The delay in filing cannot be condoned without any notice to the petitioner and this aspect should have been considered by the court below.


Court No. – 37
Case :- WRIT – C No. – 30416 of 2018

Petitioner :- Panch Bahadur Singh
Respondent :- Additional Commissioner And 6 Others
Counsel for Petitioner :- Shyam Lal Yadav,Aprajit Yadav
Counsel for Respondent :- C.S.C.,Diwakar Singh

Hon’ble Siddhartha Varma,J.

Learned counsel for the petitioner submits that the restoration application of the petitioner has been dismissed on 7.2.2018 without considering the grounds the petitioner had taken in the Application. When on 17.2.2004 in absence of the petitioner the mutation case was considered and orders were passed on it, the petitioner who was a buyer moved an application on 31.8.2016 for recalling the order dated 17.2.2004 passed by the Up Ziladhikari, Handia, Allahabad. This application was also accompanied by an application for condonation of delay. A perusal of the order dated 7.2.2018 shows that not a single ground was considered while deciding the the restoration application by the Sub-divisional Officer, Handia, Allahabad.

Learned counsel for the petitioner submits that the petitioner was busy since 2004 to 2016 in the treatment of some illness of his son and that only when on 31.8.2016 on the inspection of the records came to know about the order dated 17.2.2004, the application was moved. He submits that there was no notice or summons served upon him. Learned counsel further submits that even on merits, the order dated 17.2.2004 could not have been passed as he bought the complete share of the seller. He placed reliance upon the judgment reported in 1992 RD 117 (Govardhan Singh and others vs. Board of Revenue). He submitted that when a complete share is bought of a co-sharer it could not be said that only a fragment was bought. He relied upon paragraph-6 of the judgment which he read out and is therefore being reproduced here as under:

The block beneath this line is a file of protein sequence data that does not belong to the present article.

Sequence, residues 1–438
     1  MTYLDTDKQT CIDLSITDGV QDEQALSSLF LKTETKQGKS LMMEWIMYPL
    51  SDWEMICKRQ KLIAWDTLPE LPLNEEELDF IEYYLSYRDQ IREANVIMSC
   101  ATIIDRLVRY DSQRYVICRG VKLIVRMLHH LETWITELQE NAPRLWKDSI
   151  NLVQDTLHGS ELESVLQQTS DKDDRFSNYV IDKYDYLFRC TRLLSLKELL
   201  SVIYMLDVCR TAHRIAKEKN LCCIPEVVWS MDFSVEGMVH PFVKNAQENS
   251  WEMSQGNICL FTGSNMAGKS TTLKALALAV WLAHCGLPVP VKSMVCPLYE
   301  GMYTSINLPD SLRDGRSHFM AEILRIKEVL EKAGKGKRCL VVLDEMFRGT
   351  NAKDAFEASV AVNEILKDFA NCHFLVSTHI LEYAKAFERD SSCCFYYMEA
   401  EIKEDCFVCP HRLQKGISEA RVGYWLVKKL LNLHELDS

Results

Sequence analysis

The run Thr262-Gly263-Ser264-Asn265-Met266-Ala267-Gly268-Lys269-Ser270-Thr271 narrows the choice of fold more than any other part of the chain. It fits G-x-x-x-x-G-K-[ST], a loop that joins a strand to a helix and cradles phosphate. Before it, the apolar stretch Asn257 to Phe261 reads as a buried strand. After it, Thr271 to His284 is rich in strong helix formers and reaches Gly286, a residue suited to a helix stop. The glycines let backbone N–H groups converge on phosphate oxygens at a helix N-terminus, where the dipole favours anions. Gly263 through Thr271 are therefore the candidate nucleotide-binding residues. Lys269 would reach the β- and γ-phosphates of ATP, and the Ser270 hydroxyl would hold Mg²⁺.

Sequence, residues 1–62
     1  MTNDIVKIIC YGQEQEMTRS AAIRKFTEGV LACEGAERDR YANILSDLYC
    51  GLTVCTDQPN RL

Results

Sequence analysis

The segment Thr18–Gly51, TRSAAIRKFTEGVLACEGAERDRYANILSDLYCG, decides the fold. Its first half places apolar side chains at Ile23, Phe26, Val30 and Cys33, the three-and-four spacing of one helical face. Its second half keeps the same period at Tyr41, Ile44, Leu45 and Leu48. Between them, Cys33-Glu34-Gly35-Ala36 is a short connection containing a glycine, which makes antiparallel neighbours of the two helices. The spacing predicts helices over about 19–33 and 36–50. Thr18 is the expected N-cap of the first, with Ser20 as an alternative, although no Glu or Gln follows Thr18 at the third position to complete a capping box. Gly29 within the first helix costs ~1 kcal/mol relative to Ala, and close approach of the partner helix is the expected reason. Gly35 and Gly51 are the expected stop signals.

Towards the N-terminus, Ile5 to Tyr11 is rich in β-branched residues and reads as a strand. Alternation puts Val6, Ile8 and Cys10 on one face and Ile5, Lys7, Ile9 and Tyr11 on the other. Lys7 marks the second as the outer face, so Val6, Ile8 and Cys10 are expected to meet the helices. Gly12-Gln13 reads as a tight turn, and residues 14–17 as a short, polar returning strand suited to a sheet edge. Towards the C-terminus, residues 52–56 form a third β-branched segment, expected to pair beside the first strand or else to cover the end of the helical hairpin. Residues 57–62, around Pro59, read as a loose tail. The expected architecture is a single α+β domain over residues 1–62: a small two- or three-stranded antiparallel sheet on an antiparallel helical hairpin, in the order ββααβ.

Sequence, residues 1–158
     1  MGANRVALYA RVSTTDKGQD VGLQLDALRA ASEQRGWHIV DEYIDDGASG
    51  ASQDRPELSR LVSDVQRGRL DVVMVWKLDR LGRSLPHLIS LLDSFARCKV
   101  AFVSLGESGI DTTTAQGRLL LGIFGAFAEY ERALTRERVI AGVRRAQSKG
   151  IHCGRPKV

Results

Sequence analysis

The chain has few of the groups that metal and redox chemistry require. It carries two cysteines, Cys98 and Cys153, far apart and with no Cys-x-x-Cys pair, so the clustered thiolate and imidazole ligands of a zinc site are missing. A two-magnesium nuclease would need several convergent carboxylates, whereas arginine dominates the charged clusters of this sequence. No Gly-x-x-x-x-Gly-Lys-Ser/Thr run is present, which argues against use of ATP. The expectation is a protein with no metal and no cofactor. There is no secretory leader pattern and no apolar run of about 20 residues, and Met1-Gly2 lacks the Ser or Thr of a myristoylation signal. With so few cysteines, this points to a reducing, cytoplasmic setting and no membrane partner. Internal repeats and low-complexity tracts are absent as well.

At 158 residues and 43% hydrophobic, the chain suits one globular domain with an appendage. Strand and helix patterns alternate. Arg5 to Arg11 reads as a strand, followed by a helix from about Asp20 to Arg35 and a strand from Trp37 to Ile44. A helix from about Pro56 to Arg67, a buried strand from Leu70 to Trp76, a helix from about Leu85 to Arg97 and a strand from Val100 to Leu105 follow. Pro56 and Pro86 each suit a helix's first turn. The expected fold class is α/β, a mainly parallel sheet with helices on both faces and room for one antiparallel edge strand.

“It is clear from the above authority of the Hon’ble Supreme Court that ‘tranfers that would result in fragmentation or to such transfers, Section 167 will mutatis mutandis be applicable.’ But in the instant case, the transfer as such in favour of the petitioners is not in respect of a fragment. Rather it is in respect of a defined share, the result of which is that the petitioners became co-bhumidhars along with respondent Raghubar in the plot in dispute entitled to remain in joint possession and enjoy the fruits of the land in dispute in proportion to their share. Revenue Courts while holding that sale deed was hit by Section 168-A of the Act, appear to have converted the share transferred in favour of the petitioner in terms of the area. This to my mind, was not based upon true import of the Section. Under the scheme of the Act. Two or even more persons can hold Bhumidhari rights together in a land which is ‘fragment’ within the meaning of Sub-section (8-A) of Section 3 of the Act. What is prohibited under Section 168-A (1) is transfer of a ‘fragment’ defined in terms of area and not of a defined share in the fragment so as to make the transferee a co-sharer in the ‘fragment’. For example, if a Bhumidhar having a Bhumidhari plot which is a fragement in itself, dies leaving two sons, devolution of his interest upon them, would not result in fragmentation of the holding. Similarly a Bhumidahr having land situated in a consolidated area admeasuring more than 4.6875 acres in Bundelkhand area specified in sub-clause (1) or more than 3.125 acres in the rest of Uttar Pradesh as specified in clause (b) of Sub-section (8-A) of Section 3 of the Act, transfers his entire holding in favour of two or more persons, it would not result in fragmentation within the meaning of Section 168-A read with Section 3(8-A) of the Act, even if their individual share (of each of the the transferees) converted in terms of area, comes to less than the prescribed extent. Such co-bhumidhars are entitled to retain the holding jointly and if they intend to get it transferred, the holding be put to auction so as to avoid fragmentation in ehe even of partition, as is evident from the provisions enacted in Section 178 of the Act, which as it stands amended from time to time, is quoted as below for ready reference.